Our final game in the month of August was against Watford, at home. Their squad looked a bit stronger than Burnley’s, but I didn’t think this team was any great shakes. Despite impressive performances from some of my second string in the cup, I went back to the tried and tested side that had beaten Burnely so comfortably in the last league outing – except of course, Defoe was injured, so I plumped for Lasagna in his place. I did make one other slight tweak, switching Januzaj from a False 9 to a Deep Lying Forward. Following impressive performances against Sheffield United, Poyet and Pienaar made their way on to the bench.
Sunderland 0-2 Watford
I don’t know what happened. An impressive performance in defeat against Chelsea was followed by two comfortable wins. And then this. An insipid performance in which we rarely threatened and could have lost by more. We got into the half time break somehow at 0-0, but it didn’t last long. On loan Chelsea man Kenedy smashed an outrageous 30-yard volley into the top corner. It was 1-0, and we didn’t look like scoring. Januzaj, so often a creative force, kept dribbling into defenders and falling over. Khazri barely looked interested. Lasagna, isolated. Troy Deeney sealed the win in the 72nd minute with a snapshot from the edge of the box. After all the optimism of the last two games, I felt like a Sunderland manager again.
September would be a tricky month. We would face potential relegation rivals Hull City and Swansea, as well as West Ham twice (in the league and the next round of the ELF Cup). By the end of the next month, I should have a much clearer idea of whether it will be a struggle to death or a comfortable lower-mid-table finish. I know which one I’m hoping for, and I certainly know which one I’m expecting.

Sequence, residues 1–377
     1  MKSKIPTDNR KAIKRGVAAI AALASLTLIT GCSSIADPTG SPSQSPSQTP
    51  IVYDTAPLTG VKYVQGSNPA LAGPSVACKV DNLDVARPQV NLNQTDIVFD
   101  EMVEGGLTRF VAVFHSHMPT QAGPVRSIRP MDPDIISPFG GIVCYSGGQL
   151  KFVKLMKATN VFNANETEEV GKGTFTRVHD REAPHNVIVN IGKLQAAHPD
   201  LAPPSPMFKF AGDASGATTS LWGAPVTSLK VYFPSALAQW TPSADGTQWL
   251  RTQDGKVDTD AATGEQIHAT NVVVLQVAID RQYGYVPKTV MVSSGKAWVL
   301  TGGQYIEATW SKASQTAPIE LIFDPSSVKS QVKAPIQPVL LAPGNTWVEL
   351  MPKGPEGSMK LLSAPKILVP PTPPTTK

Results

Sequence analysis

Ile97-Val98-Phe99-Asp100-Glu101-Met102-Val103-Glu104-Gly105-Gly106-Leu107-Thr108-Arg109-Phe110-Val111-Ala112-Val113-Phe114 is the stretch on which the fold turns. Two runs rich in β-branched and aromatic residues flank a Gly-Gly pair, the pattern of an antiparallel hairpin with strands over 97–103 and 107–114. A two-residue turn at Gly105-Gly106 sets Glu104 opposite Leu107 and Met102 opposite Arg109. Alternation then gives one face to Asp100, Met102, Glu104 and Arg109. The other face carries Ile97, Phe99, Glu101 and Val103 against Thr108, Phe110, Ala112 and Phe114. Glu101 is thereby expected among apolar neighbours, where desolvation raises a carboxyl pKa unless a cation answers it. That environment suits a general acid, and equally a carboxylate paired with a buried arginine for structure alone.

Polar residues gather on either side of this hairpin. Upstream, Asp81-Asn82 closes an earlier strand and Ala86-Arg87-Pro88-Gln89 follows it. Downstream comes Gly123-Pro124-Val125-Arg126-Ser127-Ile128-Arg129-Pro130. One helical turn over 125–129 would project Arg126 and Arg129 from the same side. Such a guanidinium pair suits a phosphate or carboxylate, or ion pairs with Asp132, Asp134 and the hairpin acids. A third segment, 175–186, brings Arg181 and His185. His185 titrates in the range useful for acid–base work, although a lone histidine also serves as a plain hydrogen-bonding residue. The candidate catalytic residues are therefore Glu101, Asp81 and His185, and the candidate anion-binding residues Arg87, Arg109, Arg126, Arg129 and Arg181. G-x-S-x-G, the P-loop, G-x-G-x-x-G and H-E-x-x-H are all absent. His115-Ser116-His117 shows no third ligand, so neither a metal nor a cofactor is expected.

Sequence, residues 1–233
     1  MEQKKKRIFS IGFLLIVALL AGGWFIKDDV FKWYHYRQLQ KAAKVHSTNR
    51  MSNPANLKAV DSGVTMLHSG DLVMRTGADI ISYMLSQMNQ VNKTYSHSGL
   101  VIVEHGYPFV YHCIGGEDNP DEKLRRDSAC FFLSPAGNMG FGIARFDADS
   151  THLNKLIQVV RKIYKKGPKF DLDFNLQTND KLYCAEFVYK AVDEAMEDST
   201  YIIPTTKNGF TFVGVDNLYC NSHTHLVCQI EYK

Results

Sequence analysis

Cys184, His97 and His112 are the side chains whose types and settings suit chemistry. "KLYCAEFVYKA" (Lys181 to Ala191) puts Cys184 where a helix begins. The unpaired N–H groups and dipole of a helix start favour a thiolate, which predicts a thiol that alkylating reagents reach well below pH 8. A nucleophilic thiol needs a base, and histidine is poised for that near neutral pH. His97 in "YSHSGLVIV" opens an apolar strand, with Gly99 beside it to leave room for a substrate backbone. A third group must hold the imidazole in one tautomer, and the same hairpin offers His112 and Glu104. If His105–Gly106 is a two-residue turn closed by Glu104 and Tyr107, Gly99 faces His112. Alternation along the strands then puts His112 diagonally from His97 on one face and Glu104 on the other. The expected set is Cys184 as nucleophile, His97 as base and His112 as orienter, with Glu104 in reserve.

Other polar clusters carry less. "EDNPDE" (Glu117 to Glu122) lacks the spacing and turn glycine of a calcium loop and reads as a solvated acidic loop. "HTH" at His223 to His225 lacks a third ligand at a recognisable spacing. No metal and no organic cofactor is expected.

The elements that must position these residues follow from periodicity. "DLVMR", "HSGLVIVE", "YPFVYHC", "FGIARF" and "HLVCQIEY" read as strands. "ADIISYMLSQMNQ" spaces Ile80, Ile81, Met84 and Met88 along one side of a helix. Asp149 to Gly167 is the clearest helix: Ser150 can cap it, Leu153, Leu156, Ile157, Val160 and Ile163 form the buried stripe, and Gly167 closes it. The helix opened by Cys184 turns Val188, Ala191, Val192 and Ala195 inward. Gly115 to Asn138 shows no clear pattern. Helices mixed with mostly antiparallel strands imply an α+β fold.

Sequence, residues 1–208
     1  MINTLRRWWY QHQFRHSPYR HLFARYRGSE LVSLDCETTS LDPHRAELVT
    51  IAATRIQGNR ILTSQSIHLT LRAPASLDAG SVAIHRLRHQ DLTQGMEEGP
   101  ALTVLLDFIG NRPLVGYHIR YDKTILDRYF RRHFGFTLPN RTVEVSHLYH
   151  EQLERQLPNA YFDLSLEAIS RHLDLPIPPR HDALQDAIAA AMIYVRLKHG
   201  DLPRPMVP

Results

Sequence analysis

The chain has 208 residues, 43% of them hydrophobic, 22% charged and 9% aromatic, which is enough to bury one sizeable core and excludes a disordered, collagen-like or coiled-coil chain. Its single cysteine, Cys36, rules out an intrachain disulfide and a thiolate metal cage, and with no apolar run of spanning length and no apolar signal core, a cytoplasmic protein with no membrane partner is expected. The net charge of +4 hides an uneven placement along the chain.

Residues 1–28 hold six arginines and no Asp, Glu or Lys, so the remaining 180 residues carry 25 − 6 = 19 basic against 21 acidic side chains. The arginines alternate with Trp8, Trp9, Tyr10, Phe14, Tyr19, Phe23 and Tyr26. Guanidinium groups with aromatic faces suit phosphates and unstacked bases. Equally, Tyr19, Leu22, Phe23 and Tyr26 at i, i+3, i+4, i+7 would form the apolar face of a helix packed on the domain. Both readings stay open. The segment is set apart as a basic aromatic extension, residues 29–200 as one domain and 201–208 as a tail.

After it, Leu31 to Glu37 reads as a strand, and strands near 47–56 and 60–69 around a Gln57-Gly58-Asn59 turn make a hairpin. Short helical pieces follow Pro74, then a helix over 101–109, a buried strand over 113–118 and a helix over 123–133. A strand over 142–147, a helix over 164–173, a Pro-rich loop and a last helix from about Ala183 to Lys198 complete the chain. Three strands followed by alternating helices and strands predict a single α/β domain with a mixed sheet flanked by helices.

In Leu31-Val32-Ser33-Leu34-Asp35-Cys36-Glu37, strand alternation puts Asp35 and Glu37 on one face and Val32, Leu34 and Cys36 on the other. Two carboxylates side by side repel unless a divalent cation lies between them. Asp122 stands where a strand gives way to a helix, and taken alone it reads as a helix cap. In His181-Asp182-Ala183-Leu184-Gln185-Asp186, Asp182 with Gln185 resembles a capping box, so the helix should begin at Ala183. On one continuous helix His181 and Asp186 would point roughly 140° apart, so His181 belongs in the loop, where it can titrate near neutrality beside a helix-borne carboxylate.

You may remember I previously blogged about a “journeyman” challenge where I started unemployed and then took charge of Weston-Super-Mare. My goal was to work my way up the footballing ladder to become the best manager I could be. You can read Part 1 here and Part 2 here, but that’s as far as it goes. Unfortunately, the game got away from me and I didn’t have time to write about it. If you’re interested I did end up joining Forest Green Rovers, then Gillingham, and eventually Crystal Palace.
But I decided to start a new game with the Premier League’s most consistently hopeless case – Sunderland. And this time, I will keep on top of the updates. Could I be a better manager than the ghost of David Moyes that currently stalks the Stadium of Light dugout? Let’s find out!
I was not sure what to expect with Sunderland. Of course, they’re bobbins in real life, reliant on the goals of Jermain Defoe to plunder points. But sometimes Football Manager can be kind to struggling teams – I was, frankly, hoping the Sunderland researcher would have over-valued some of their players.